By Dedra Cordle
We have all heard the saying “You can’t eat just one” in reference to Lay’s Potato Chips or some other equally delicious and not quite nutritious foods, but have you ever once heard it said about squash? Well, if you have gone throughout your life without hearing it, you are about to now.
“Squash is like potato chips – you can’t eat just one,” said Grove City resident Jimmie Buttrick.
Growing up in Alabama, Jimmie helped her grandparents cultivate – and consume – a productive garden, but there was something about the squash that just clicked with her palate.
“It’s delicious,” she said.
Luckily for her, she found another squash enthusiast in West Virginia native Jesse Buttrick and married him. For decades, they have been enjoying each other’s company and the parade of squash they see on their dinner table each season.
To help satisfy their craving for the succulent fruit, Jimmie and Jesse have carried on their respective family traditions by growing a garden wherever they reside. Jimmie jokingly refers to the years that they spent living in Chicago with limited space as a dark time.
Upon arrival in Columbus in 1990 and then in Grove City in 1994, the Buttrick’s have worked hard to maintain a plentiful garden to share with their family, their church and the community at large. They have experienced joy and frustration while planting and waiting for their crops to come to fruition, but in all their years of gardening they have never been puzzled by something until just recently.
Last week, as Jesse was checking on their beloved backyard garden, he noticed something was amiss with their squash section. Knowing his wife would not like to hear that a deer or rabbit was messing with her favored fruit, he took a closer look before reporting back to her. What he discovered was something very rare.
“Three of them had grown together,” said Jesse. “I have seen two of them grow together, but never three.”
Amused and puzzled, he picked the mutant squash and took it back to the house to show it to Jimmie. She couldn’t believe what she was seeing.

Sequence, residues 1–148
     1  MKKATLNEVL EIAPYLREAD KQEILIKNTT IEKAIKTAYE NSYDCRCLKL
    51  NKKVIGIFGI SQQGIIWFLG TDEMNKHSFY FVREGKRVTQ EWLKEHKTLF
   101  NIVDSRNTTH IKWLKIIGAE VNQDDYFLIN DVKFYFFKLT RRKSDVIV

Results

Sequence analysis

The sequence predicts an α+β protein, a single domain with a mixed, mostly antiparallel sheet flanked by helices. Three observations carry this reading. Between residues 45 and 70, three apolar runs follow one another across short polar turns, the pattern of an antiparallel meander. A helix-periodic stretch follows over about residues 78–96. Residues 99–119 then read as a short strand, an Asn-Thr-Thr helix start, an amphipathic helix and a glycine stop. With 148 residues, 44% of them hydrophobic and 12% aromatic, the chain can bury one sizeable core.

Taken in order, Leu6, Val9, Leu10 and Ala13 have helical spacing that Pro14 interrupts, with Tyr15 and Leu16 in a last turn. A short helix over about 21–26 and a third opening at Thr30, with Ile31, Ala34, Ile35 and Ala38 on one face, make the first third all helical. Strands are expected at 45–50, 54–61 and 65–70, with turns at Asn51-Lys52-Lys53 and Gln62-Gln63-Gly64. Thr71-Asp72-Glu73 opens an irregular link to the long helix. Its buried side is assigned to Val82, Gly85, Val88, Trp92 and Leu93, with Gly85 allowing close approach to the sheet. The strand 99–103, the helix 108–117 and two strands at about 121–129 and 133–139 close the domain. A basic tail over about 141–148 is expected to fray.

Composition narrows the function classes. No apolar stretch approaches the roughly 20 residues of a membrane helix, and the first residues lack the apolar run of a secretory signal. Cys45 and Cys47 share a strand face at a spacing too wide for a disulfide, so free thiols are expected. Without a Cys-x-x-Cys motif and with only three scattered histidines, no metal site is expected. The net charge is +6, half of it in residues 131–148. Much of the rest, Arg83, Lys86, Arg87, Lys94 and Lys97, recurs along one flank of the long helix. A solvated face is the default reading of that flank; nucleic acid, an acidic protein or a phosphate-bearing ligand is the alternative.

“It’s very weird,” she said. “Like Jesse, I have never seen something like that before.”
The Buttrick’s said they did not expect to see something like that ever again, but just recently Jesse found yet another squash that had fused together. Though strange things may be afoot in the squash section on the Buttrick’s large garden, they proclaim that the more there is, the merrier because you cannot eat just one.
“They will be delicious fried up and on the dinner table,” Jesse said.
Jimmie enthusiastically nodded her head at this and gave a little “yum” at the prospect of getting her skilled baking hands on the rare squash.
For those other squash lovers out there, Jimmie and Jesse Buttrick have offered some of their favorite ways to prepare squash. For fried squash, Jimmie recommends heating a skillet – preferably an iron skillet – with oil and encrusting the squash with cornmeal and pepper. After the squash is coated, place in the heated skillet and cook until it turns golden brown.
For grilled squash, Jesse recommends just putting it directly on the grill, but be sure to monitor it because it doesn’t take long to cook.
For a gathering, Jimmie recommends a recipe from the “Down Home in High Style Cookbook.” The recipe is as follows for the Squash Supreme:
1 pound yellow squash, cooked and drained
1 10-ounce can cream of chicken soup or cream of mushroom soup
8 ounces sour cream
1 4-ounce jar pimento, drained and chopped
1 8 -ounce can water chestnuts, chopped
2 medium onions, finely chopped
A cup of butter
1 8-ounce package herb-seasoned stuffing mix
1 tablespoon butter
Combine all ingredients except herb stuffing mix. Sprinkle stuffing mix on top. Dot with butter. Bake at 350 degrees for 30 minutes.